Proposed rule to help minority students in special education
The Obama administration says too many minority students are being singled out for special education and is asking states to address the issue.
With new data in hand, the Education Department said Tuesday that disparities persist in the nation's public schools, where oftentimes minority students are more likely to be identified as having a disability and face harsher discipline than their white counterparts.
"When we see students in any racial or ethnic group identified with disabilities at vastly higher rates than their peers, we owe it to these students to pause, step back and rethink," Acting Education Secretary John B. King Jr. said in a phone call with reporters."
It is "something we can and must fix," he said.
The department is proposing a new rule with two key parts.
States would be required to adopt a standard approach to compare racial and ethnic groups and determine when disparities are significant. Basically, it calls for a uniform way to measure when there's an overrepresentation of minority students in special education.
Once overrepresentation is identified in a district, school officials would have more flexibility under the proposed rule in how they spend their federal dollars allocated under the Individuals with Disabilities Education Act, or IDEA.
Currently, when a district is tagged as having significant disparities, it must set aside 15 percent of its IDEA money to provide early intervening services, beginning in kindergarten. The proposed rule would broaden that and include services to students with and without disabilities, beginning in preschool.
The department said a new analysis of data submitted by the states shows hundreds of districts around the country with large racial and ethnic disparities go unidentified.
For example, the analysis showed 876 school districts gave African American students with disabilities short-term, out-of-school suspensions at least twice as often as all other students with disabilities for three years in a row. But, in 2013, the department said states identified fewer than 500 districts in total with "significant disproportionality" or overrepresentation.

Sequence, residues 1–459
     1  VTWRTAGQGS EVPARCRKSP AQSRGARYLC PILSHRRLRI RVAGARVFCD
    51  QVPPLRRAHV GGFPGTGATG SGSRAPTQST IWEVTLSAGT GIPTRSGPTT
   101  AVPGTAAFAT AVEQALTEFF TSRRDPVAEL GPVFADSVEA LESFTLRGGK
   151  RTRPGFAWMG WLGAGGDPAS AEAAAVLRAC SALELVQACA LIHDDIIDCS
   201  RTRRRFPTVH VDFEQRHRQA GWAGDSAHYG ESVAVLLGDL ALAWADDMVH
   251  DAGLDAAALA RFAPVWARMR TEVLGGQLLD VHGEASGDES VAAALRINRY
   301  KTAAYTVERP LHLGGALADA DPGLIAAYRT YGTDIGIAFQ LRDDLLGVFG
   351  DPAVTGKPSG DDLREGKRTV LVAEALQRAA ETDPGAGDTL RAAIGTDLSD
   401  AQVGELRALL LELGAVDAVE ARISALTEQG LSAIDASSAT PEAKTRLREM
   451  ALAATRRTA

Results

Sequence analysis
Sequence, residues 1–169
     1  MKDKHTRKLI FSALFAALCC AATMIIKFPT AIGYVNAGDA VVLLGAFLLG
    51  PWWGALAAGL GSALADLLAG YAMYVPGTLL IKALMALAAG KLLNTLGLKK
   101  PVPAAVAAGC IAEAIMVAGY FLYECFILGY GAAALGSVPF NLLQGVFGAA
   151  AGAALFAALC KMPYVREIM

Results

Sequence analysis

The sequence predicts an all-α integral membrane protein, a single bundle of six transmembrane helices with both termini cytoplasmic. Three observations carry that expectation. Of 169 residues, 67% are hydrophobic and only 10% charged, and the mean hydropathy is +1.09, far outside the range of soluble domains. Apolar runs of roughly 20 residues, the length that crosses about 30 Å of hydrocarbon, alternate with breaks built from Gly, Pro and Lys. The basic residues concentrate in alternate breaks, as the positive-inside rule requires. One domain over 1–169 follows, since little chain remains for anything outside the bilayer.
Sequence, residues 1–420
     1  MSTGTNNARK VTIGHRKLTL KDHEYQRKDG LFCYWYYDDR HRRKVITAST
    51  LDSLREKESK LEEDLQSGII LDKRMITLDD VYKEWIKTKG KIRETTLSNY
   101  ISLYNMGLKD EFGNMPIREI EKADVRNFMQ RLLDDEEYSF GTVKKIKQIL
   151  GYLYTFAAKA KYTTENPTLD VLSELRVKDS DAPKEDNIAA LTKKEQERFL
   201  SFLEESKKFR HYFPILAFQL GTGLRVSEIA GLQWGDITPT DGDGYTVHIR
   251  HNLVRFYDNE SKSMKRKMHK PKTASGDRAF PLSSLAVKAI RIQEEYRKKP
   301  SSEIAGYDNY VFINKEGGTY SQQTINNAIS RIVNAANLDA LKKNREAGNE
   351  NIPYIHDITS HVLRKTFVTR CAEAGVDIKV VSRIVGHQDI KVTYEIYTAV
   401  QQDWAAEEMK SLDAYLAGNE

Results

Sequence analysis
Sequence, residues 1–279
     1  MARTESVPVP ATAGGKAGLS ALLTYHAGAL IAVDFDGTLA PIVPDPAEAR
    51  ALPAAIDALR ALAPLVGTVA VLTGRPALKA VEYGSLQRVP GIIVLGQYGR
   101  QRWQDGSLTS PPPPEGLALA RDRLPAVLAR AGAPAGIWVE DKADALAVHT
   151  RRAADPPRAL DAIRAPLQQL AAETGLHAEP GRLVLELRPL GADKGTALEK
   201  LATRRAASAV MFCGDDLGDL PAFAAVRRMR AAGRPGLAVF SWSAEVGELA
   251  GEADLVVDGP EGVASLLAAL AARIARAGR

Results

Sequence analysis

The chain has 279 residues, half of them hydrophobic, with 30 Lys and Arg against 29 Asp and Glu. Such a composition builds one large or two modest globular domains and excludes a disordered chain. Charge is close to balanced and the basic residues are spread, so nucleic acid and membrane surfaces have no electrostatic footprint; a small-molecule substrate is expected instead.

King said studies have shown that only between 2 percent and 3 percent of all school districts nationwide have been identified as such.
The department analysis of state data, he said, showed that in Pennsylvania, 13 districts identified Hispanic students with speech or language impairments at least twice as often as all other students for three consecutive years, beginning in 2012. Yet, King said, Pennsylvania did not find any districts as having a wide disparity in the identification of specific disabilities in the 2012-13 school year.
Tuesday's proposal of a new rule follows a 2013 report from the Government Accountability Office that concluded that the way some states defined overrepresentation made it unlikely that any local districts would be identified as having significant disparities and then be required to spend money on intervening and support services for students. The report called for a standard approach for defining when there were sharp disparities to be used by all states.
The proposed rule will be open to public comment. It's expected to take months before a final rule is issued.
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